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Seven Mississippi appellate judges will run for reelection next year 

All Mississippi appellate judges up for reelection in 2024 plan to seek another term on the state’s two highest courts.

Four justices on the Mississippi Supreme Court and three judges on the Mississippi Court of Appeals told Mississippi Today they intend to qualify for a new eight-year term in office. 

Below are the judges who plan to campaign next year for reelection:

Mississippi Supreme Court 

Justice Jim Kitchens (Central District)

Justice Dawn Beam (Southern District)

Justice Robert Chamberlin (Northern District) 

Justice James Maxwell (Northern District)

Mississippi Court of Appeals 

Judge Latrice Westbrooks (District 2)

Judge Jack Wilson (District 3)

Judge Joel Smith (District 5)

The qualifying period for the appellate offices opens on Jan. 2 and closes at 5 p.m. on Feb. 1, according to the Secretary of State’s office.  Judicial offices are nonpartisan, so candidates do not participate in a party primary. All candidates will appear on the Nov. 5, 2024, general election ballot. 

To run for either of the two courts, a candidate must be at least 30 years old, a qualified elector in their respective district, a licensed attorney and a state citizen for at least five years, according to the secretary of state’s office.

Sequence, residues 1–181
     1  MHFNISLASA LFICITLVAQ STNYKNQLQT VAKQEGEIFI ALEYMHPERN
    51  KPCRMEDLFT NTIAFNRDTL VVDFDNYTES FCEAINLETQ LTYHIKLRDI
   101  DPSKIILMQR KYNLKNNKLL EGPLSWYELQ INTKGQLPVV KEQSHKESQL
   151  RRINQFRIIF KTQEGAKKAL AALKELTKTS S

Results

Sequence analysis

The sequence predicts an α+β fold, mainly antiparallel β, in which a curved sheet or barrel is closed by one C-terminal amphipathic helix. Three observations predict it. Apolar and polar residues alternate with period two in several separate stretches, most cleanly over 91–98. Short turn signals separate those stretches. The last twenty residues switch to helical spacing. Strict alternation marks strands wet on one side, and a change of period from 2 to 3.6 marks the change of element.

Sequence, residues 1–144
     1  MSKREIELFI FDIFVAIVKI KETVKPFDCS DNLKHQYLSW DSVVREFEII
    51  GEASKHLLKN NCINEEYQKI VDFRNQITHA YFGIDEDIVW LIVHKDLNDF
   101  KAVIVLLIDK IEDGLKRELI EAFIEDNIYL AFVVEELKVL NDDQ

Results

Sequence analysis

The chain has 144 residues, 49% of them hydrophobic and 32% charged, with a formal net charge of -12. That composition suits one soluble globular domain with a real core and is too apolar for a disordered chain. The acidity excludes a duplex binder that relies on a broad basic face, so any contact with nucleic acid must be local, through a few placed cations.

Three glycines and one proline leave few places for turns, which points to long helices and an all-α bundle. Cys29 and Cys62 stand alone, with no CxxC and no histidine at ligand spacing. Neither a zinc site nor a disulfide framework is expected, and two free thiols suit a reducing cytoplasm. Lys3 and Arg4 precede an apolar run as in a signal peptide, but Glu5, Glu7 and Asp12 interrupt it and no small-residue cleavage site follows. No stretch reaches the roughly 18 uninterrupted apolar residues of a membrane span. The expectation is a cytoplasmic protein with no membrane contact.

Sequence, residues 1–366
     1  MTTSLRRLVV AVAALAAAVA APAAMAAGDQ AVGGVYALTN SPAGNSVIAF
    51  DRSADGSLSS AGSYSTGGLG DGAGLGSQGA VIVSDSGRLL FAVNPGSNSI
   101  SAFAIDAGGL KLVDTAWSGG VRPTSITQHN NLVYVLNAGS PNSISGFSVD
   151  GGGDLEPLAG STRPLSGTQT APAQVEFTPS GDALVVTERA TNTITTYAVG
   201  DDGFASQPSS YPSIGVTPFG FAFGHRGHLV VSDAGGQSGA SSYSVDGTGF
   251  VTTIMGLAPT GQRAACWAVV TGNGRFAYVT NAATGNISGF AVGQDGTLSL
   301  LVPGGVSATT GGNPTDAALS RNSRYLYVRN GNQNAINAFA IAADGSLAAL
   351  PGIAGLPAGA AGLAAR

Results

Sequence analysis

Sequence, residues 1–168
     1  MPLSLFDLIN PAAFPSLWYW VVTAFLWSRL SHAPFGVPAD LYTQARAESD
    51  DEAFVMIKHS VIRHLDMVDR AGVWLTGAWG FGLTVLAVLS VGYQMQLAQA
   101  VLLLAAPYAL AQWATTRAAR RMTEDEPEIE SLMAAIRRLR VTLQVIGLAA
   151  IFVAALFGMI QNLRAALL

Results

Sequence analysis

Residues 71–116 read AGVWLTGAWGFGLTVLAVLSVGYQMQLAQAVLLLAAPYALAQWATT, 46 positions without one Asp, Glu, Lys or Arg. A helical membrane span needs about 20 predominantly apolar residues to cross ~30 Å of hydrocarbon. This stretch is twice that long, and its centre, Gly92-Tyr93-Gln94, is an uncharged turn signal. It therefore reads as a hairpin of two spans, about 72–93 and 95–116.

Judges on Mississippi’s two highest courts do not run at-large. Instead voters from their respective districts elect them.

The nine members of the Supreme Court are elected from three districts: northern, central and southern. The 10 members of the Court of Appeals are each elected from five districts across the state. 

The judges are elected in staggered terms, so not all 19 seats of the two courts are up for election each cycle.

The two courts hear appeals from chancery and circuit courts across the state. The Supreme Court is the court of last resort, meaning its orders cannot be appealed to another state court. 

The Supreme Court, in recent years, has issued rulings that invalidated the process for voters to place initiatives on a statewide ballot and gave the governor more power to veto specific items from appropriations bills. 

The court next year is expected to rule on a case that questions whether the Legislature can appropriate tax dollars for private schools.

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